Fort Montgomery in Orange County, New York — The American Northeast (Mid-Atlantic)
Building a Fort
When the Americans discovered that the land on the opposite side of the Popolopen Creek was higher and would threaten Fort Montgomery if held by the enemy, they began constructing a second fort there, called Fort Clinton. They connected the two forts by a pontoon bridge. As labor was concentrated on the new fort, work on Fort Montgomery slowed. Other problems affected construction of the fort too. Supplies were often hard to obtain,
Erected by Fort Montgomery State Historic Site.
Location. 41° 19.451′ N, 73° 59.246′ W. Marker is in Fort Montgomery, New York, in Orange County. Marker is on U.S. 9W, on the right when traveling north. Marker is in Fort Montgomery State Historic Site on the walking trail, near Route 9W. Touch for map. Marker is in this post office area: Fort Montgomery NY 10922, United States of America. Touch for directions.
Other nearby markers. At least 8 other markers are within walking distance of this marker. The Battle of Fort Montgomery (here, next to this marker); Fort Montgomery Today (here, next to this marker); The Historic 1777 & 1779 Trails (within shouting distance of this marker); Powder Magazine (within shouting distance of this marker); Gardens of the Fort (within shouting distance of this marker); Three Sisters Garden (about 300 feet away, measured in a direct line); Guard House (about 300 feet away); Soldiers’ Necessary (about 300 feet away). Touch for a list and map of all markers in Fort Montgomery.
More about this marker. The bottom left of the marker features a picture of some Continental soldiers by Artist Alan H. Archumbault, courtesy Company of Military Historians. It contains the caption "Local militia augmented Fort Montgomery’s garrison and did much of the construction work. The militia consisted of able-bodied men from the surrounding countryside, who would assemble to work or fight when called. However, because these men had homes and fields to attend to, they only served for short periods. When the fort was threatened, militia from Ulster, Dutchess, and Orange counties would hurry to its defense. Therefore, the size of the fort’s garrison fluctuated greatly."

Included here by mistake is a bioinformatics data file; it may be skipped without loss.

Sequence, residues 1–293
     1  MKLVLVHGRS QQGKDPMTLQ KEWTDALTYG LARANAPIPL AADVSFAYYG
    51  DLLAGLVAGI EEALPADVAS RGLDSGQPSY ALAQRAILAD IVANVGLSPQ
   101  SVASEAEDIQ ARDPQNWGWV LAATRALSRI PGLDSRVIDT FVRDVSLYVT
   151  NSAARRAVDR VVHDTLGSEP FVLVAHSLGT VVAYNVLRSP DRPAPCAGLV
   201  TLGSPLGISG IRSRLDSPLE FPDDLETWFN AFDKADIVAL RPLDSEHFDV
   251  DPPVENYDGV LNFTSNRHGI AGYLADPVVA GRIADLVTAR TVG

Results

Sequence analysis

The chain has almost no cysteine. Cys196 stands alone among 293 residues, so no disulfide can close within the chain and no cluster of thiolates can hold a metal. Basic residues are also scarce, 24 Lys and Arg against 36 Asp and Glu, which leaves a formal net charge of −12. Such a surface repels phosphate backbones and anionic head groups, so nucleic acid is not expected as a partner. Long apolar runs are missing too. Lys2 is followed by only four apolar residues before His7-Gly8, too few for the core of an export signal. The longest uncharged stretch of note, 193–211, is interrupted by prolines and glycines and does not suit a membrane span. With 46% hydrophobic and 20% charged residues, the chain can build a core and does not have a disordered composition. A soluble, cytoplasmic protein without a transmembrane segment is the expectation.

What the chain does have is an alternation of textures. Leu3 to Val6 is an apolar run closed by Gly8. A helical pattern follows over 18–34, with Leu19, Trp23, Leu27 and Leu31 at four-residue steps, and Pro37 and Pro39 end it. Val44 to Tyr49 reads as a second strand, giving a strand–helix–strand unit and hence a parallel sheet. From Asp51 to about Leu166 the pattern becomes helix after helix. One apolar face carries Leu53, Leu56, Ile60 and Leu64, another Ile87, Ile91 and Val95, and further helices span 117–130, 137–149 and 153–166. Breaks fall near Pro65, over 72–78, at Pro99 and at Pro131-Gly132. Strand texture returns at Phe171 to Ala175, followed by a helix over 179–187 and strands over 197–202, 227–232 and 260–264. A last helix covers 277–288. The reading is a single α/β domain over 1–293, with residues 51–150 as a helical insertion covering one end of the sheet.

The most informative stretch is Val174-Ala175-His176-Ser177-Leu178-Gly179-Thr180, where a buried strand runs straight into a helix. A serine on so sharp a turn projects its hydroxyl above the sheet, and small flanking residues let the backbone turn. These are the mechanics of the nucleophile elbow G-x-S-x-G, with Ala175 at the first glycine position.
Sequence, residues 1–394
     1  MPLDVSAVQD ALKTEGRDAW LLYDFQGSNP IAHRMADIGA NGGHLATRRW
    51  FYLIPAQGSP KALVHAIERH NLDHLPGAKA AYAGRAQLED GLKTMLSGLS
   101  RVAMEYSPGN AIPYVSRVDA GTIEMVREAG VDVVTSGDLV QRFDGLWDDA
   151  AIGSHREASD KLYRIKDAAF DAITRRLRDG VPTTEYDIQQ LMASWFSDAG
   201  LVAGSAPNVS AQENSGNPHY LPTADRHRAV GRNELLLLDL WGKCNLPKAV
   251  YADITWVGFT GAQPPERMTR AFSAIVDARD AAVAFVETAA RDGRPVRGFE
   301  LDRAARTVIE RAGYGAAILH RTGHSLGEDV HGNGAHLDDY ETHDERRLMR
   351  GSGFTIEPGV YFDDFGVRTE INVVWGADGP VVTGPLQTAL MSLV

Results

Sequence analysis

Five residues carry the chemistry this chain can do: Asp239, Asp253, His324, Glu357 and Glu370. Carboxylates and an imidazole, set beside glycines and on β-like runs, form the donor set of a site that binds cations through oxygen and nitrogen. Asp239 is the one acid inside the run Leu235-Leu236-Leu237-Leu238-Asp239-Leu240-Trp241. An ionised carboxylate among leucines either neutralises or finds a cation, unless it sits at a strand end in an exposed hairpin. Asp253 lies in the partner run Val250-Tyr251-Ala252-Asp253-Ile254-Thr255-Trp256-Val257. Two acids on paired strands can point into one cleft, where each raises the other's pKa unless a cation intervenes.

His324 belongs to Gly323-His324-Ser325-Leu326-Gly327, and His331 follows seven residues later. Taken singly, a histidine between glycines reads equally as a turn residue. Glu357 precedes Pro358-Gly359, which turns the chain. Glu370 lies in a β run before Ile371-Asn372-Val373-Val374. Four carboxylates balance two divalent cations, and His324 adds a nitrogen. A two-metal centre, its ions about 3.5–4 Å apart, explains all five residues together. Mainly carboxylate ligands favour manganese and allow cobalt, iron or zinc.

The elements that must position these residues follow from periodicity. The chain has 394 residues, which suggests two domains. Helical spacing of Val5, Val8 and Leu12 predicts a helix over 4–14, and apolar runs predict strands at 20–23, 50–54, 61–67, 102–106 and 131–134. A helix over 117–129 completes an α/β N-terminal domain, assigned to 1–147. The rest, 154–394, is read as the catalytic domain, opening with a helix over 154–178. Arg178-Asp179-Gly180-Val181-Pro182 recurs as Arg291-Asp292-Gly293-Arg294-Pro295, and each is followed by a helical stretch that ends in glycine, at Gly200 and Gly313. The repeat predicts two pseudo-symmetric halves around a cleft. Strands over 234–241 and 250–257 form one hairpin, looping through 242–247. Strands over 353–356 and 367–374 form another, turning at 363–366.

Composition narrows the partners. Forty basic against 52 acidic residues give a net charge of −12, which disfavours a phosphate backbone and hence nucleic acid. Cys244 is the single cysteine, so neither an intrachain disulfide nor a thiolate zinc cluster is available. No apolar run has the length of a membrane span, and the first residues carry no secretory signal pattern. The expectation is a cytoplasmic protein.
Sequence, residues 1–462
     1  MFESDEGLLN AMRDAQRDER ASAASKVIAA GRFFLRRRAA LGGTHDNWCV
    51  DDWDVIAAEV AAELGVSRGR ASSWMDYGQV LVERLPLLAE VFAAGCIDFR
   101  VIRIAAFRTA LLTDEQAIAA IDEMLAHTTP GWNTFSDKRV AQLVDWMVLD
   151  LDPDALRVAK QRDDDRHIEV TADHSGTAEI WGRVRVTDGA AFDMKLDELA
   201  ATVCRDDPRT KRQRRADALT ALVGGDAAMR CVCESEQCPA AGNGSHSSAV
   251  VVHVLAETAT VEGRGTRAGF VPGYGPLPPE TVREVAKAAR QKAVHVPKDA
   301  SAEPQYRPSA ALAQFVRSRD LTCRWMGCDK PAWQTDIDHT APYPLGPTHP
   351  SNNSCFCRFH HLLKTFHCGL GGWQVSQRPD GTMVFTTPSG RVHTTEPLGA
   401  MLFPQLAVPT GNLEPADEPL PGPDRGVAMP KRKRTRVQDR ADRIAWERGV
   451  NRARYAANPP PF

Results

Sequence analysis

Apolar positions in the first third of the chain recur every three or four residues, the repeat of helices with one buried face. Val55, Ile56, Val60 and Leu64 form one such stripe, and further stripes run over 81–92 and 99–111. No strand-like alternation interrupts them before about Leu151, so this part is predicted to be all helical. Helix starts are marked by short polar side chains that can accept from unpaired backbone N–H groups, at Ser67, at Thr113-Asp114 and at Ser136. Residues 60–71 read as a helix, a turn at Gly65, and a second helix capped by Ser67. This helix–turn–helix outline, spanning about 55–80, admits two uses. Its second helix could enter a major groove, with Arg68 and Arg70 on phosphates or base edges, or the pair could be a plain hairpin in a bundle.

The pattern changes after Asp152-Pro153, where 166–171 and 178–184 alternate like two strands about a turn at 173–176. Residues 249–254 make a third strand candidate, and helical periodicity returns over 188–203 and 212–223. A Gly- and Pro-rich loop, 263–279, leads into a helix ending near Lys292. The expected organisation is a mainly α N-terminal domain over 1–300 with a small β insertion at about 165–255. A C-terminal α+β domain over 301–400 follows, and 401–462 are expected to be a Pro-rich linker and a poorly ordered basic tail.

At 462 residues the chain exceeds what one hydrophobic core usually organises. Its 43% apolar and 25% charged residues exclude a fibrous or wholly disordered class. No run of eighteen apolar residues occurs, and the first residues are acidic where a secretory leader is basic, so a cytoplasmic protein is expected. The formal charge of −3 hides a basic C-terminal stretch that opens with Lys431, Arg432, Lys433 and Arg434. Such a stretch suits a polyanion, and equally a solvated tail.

A picture of "Brigadier General George Clinton. Courtesy New York State Library" appears on the marker with the caption "British General George Clinton commanded Fort Montgomery during its construction. He was elected Governor of New York in early summer 1777, while serving at the fort. Although he left for Kingston to perform his duties as Governor, he returned to direct the fort’s defenses when the British attacked."
A picture of "Brigadier General James Clinton, from Twin Forts of the Popolopen, 1937" appears with the caption "Brigadier General James Clinton was Governor George Clinton’s older brother. At times, James commanded Fort Montgomery, and during the battle with the British, he commanded the American forces at Fort Clinton."
The bottom of the marker contains a map of the fort with the caption "This map, drawn by Colonel Thomas Palmer in May 1776, shows the fort in its early stages of construction, before earthworks were extended to enclose the rear of the fort. At first, the Americans believed the mountainous terrain of the Highlands would discourage the British from approaching by land. Courtesy Division of Rare and Manuscript Collections, Cornell University Library"
The upper right portion of the map features "a drawing of Forts Clinton and Montgomery."
Related markers. Click here for a list of markers that are related to this marker. This series of markers follow the walking tour of the Fort Montgomery Battlefield.
Also see . . .
1. The Battle of Fort's Montgomery and Clinton. The American Revolutionary War. (Submitted on May 2, 2008, by Bill Coughlin of North Arlington, New Jersey.)
2. The Battle of Fort's Montgomery and Clinton. (Submitted on May 2, 2008, by Bill Coughlin of North Arlington, New Jersey.)
Categories. • Forts, Castles • Military • Notable Places • War, US Revolutionary •
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Credits. This page was last revised on June 16, 2016. This page originally submitted on May 2, 2008, by Bill Coughlin of North Arlington, New Jersey. This page has been viewed 1,095 times since then and 20 times this year. Photos: 1, 2. submitted on December 3, 2009, by Bill Coughlin of North Arlington, New Jersey. 3, 4, 5, 6. submitted on May 2, 2008, by Bill Coughlin of North Arlington, New Jersey. • Christopher Busta-Peck was the editor who published this page.